"MOTHER'S cross!" said Maggie, coming out into the kitchen with a pout on her lips. Her aunt was busy ironing, but she looked up and answered Maggie: "Then it is the very time for you to be pleasant and helpful. Mother was awake a great deal in the night with the baby." Maggie made no reply. She put on her hat, and walked off into the garden. But a new idea went with her.

"The very time to be helpful and pleasant is when other people are cross. Sure enough," thought she, "that would be the time when it would do the most good. I remember when I was sick last year, I was so nervous that if any one spoke to me, I could hardly help being cross; and mother never got angry nor out of patience, but was just as gentle with me! I ought to pay it back now, and I will."

And she sprang up from the grass, where she had thrown herself, and turned a face full of cheerful resolution toward the room where her mother sat soothing and tending a fretful, teething baby.

Maggie brought out the pretty ivory balls, and began to jingle them for the little one.

He stopped fretting, and a smile dimpled the corners of his lips.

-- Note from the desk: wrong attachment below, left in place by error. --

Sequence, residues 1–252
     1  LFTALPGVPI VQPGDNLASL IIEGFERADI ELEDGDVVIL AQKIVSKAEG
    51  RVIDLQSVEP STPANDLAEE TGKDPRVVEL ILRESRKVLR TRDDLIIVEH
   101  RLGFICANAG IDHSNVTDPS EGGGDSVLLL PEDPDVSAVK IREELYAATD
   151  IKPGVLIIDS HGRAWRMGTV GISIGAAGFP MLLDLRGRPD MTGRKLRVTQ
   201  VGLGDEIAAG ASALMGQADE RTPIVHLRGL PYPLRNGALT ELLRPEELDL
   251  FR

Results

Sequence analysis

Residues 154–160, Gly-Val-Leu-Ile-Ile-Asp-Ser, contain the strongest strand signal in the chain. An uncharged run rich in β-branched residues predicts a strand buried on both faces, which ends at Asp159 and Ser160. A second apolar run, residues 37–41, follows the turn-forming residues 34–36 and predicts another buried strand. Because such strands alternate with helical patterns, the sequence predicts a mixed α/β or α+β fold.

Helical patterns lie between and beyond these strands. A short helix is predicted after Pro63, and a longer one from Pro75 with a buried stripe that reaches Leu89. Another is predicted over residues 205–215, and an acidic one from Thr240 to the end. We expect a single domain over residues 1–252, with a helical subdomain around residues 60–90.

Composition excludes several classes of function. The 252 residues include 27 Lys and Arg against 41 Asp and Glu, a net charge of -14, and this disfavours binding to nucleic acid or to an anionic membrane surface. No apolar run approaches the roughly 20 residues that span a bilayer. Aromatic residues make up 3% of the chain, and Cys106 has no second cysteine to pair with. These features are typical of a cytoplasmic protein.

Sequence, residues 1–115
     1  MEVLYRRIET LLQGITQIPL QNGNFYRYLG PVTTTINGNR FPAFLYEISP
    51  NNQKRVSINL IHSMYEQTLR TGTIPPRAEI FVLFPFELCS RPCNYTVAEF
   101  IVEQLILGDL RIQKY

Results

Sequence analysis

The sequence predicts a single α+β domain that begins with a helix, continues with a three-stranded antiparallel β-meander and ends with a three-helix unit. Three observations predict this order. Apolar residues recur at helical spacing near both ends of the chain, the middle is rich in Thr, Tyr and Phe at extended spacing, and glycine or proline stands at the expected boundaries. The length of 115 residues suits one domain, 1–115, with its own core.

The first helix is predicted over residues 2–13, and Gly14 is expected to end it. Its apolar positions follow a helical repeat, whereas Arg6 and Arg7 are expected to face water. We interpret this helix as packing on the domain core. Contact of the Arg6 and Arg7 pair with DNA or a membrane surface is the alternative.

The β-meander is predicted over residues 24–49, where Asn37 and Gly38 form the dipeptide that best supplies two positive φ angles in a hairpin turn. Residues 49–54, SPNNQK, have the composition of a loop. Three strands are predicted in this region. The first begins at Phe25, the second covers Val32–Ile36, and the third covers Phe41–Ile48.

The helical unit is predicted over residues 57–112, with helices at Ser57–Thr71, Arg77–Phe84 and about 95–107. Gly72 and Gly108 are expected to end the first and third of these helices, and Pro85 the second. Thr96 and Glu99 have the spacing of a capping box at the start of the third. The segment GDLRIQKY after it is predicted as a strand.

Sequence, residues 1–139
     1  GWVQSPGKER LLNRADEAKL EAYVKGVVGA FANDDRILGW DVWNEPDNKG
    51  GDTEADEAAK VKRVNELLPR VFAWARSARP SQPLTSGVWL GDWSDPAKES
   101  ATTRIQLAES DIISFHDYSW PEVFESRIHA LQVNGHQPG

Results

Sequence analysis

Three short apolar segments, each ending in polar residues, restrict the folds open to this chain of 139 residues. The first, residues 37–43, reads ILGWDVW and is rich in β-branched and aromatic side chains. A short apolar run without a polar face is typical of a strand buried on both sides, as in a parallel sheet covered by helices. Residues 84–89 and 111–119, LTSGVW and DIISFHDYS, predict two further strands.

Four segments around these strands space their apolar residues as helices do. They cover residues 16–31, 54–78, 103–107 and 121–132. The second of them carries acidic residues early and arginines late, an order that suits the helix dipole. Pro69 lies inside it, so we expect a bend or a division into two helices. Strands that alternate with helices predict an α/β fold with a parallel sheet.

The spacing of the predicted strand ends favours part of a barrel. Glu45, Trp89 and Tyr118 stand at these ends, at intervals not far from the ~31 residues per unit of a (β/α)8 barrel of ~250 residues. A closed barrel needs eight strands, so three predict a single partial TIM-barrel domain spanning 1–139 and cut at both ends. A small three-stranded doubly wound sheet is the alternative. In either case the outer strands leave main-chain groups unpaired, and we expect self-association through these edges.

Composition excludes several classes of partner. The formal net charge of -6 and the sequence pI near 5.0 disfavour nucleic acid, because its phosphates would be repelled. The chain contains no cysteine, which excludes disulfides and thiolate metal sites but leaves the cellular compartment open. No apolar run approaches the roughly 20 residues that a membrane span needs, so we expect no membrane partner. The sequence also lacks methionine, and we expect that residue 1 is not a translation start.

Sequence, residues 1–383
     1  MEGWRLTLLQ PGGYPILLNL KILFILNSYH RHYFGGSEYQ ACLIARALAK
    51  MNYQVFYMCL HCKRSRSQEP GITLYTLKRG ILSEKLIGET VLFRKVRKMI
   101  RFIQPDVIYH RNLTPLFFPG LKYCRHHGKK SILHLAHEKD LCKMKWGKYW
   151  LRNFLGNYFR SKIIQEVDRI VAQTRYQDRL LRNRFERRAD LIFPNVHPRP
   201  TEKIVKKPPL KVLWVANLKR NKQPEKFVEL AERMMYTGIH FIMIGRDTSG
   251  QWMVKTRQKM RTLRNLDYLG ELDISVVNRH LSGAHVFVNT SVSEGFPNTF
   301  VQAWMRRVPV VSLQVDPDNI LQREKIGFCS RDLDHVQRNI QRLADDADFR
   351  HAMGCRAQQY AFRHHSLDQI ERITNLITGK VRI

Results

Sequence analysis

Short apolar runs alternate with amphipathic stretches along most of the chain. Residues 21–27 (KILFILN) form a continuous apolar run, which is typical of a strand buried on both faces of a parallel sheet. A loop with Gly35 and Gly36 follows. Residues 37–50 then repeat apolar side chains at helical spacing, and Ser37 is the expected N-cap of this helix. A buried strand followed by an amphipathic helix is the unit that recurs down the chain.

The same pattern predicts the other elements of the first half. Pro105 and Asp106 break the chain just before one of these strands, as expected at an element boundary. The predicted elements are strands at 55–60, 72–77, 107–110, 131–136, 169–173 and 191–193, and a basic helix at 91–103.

"Couldn't I take him out to ride in his carriage, mother, it's such a nice morning!" she asked.

"I should be glad if you would," said her mother.

The little hat and sack were brought, and the baby was soon ready for his ride.

"I'll keep him as long as he is good," said Maggie;" and you must lie on the sofa and get a nap, while I am gone. You are looking very tired."

The kind words and the kiss, which accompanied them were almost too much for the mother.

The tears rose to her eyes, and her voice trembled as she answered: "Thank you, dearie; it will do me a world of good if you can keep him out an hour; and the air will do him good too. My head aches badly this morning."

What a happy heart beat in Maggie's bosom as she trundled the little carriage up and down on the walk. She had done real good. She had given back a little of the help and forbearance that had so often been bestowed upon her. She had made her mother happier, and given her time to rest.

Maggie resolved to remember and act on her aunt's good words, "The very time to be helpful and pleasant is when everybody is tired and cross."